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Find more tips on how to minimize distractions to achieve more in How to Minimize Distraction to Get Things Done

13. Track Your Time Spent

When you start to track your time, you’re more aware of how you spend your time. For example, you can set a simple countdown timer to make sure that you finish a task within a period of time, say 30 minutes or 1 hour. The time pressure can push you to stay focused and work more efficiently.

You can find more time tracking apps here and pick one that works for you.

14. Don’t Fuss About Unimportant Details

You’re never get everything done in exactly the way you want. Trying to do so is being ineffective.

Trying to be perfect does you more harm than good, learn here about how perfectionism kills your productivity and how to ditch the perfectionism mindset.

15. Prioritize

Since you can’t do everything, learn to prioritize the important and let go of the rest.

Apply the 80/20 principle which is a key principle in prioritization. You can also take up this technique to prioritize everything on your plate: How to Prioritize Right in 10 Minutes and Work 10X Faster

16. Delegate

If there are things that can be better done by others or things that are not so important, consider delegating. This takes a load off and you can focus on the important tasks.

When you delegate some of your work, you free up your time and achieve more. Learn about how to effectively delegate works in this guide: How to Delegate Work (the Definitive Guide for Successful Leaders)

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17. Batch Similar Tasks Together

For related work, batch them together.

For example, my work can be categorized into these core groups:

  1. writing (articles, my upcoming book)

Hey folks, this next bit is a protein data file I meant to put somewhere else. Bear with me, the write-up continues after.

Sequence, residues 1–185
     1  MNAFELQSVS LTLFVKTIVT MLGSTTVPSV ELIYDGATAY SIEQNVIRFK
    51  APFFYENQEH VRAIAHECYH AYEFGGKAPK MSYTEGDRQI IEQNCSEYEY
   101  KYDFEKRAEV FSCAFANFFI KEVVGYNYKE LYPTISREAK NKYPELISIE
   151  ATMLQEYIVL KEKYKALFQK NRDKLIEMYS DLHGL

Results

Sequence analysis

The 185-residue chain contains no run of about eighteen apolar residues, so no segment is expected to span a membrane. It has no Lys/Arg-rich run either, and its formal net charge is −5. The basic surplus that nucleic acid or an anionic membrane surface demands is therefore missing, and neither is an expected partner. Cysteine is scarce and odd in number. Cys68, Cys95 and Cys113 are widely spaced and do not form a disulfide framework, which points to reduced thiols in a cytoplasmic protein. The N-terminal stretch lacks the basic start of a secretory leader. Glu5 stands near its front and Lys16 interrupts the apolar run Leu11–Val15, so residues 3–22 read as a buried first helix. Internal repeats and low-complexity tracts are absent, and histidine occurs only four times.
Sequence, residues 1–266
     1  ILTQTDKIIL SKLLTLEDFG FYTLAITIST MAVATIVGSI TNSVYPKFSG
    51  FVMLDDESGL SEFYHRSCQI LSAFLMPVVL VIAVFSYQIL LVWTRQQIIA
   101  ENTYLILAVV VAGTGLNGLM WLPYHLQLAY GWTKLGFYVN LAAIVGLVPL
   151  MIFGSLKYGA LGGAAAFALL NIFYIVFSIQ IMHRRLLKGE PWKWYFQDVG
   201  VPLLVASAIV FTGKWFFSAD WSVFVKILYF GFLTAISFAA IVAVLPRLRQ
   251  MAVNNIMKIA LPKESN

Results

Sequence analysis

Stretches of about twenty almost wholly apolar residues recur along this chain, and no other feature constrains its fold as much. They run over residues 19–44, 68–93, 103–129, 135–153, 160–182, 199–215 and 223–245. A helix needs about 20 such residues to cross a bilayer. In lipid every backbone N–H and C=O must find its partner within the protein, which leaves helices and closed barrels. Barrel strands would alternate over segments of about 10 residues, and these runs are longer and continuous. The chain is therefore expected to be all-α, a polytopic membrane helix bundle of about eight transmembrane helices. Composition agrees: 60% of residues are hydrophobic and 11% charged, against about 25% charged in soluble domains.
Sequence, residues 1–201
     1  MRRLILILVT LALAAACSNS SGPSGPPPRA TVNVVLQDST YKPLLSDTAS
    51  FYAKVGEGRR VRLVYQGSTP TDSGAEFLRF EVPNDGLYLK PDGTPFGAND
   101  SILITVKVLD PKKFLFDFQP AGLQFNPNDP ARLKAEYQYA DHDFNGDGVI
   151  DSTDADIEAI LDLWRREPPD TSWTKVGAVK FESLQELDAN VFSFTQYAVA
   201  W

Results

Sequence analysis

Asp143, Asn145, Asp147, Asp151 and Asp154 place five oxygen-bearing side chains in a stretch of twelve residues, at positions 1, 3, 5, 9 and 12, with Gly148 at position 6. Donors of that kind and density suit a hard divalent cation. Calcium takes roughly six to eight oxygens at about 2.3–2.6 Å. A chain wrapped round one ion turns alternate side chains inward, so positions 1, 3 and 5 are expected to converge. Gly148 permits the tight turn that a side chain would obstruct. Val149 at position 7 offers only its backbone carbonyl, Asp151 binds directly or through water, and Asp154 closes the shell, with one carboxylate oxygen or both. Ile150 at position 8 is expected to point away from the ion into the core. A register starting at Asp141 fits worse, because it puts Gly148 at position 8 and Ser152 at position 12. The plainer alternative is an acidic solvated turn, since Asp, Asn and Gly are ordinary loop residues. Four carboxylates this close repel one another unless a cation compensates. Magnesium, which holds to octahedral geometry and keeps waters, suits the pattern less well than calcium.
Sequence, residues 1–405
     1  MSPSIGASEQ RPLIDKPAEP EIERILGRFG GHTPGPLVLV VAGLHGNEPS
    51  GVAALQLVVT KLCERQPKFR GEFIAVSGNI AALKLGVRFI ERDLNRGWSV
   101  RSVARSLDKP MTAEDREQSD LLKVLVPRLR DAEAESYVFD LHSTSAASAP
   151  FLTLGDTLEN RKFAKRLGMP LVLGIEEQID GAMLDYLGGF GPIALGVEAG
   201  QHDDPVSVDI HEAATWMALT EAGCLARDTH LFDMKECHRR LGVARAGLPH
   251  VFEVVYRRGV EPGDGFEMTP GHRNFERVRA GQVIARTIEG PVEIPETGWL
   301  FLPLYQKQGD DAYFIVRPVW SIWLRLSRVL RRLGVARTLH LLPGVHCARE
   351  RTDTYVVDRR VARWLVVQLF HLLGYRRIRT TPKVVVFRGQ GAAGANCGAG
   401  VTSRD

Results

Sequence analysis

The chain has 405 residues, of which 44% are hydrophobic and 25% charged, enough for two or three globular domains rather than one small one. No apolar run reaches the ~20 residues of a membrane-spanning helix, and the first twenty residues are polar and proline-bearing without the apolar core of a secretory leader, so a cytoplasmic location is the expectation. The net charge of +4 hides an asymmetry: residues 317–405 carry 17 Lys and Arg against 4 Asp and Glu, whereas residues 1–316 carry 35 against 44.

2. coaching
  3. workshop development
  4. business development
  5. administrative

I batch all the related tasks together so there’s synergy. If I need to make calls, I allocate a time slot to make all my calls. It really streamlines the process.

18. Eliminate Your Time Wasters

What takes your time away your work? Facebook? Twitter? Email checking? Stop checking them so often.

One thing you can do is make it hard to check them – remove them from your browser quick links / bookmarks and stuff them in a hard to access bookmarks folder. Replace your browser bookmarks with important work-related sites.

While you’ll still checking FB/Twitter no doubt, you’ll find it’s a lower frequency than before.

19. Cut off When You Need To

The number one reason why things overrun is because you don’t cut off when you have to.

Don’t be afraid to intercept in meetings or draw a line to cut-off. Otherwise, there’s never going to be an end and you’ll just eat into the time for later.

20. Leave Buffer Time In-Between

Don’t pack everything closely together. Leave a 5-10 minute buffer time in between each tasks. This helps you wrap up the previous task and start off on the next one.

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Featured photo credit: Unsplash via unsplash.com